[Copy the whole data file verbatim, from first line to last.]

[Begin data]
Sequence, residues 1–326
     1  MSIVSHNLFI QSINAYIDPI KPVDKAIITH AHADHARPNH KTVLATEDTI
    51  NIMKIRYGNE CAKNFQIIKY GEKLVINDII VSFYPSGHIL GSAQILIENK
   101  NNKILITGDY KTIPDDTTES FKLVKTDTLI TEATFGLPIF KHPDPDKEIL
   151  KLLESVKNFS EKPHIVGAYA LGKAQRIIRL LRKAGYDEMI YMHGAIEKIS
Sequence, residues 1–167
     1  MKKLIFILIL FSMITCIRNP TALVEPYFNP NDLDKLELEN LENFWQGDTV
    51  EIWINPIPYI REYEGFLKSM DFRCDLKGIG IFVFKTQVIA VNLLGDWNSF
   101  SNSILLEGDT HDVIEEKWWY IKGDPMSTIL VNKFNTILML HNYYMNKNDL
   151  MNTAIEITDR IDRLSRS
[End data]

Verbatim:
Sequence, residues 1–326
     1  MSIVSHNLFI QSINAYIDPI KPVDKAIITH AHADHARPNH KTVLATEDTI
    51  NIMKIRYGNE CAKNFQIIKY GEKLVINDII VSFYPSGHIL GSAQILIENK
   101  NNKILITGDY KTIPDDTTES FKLVKTDTLI TEATFGLPIF KHPDPDKEIL
   151  KLLESVKNFS EKPHIVGAYA LGKAQRIIRL LRKAGYDEMI YMHGAIEKIS
Sequence, residues 1–167
     1  MKKLIFILIL FSMITCIRNP TALVEPYFNP NDLDKLELEN LENFWQGDTV
    51  EIWINPIPYI REYEGFLKSM DFRCDLKGIG IFVFKTQVIA VNLLGDWNSF
   101  SNSILLEGDT HDVIEEKWWY IKGDPMSTIL VNKFNTILML HNYYMNKNDL
   151  MNTAIEITDR IDRLSRS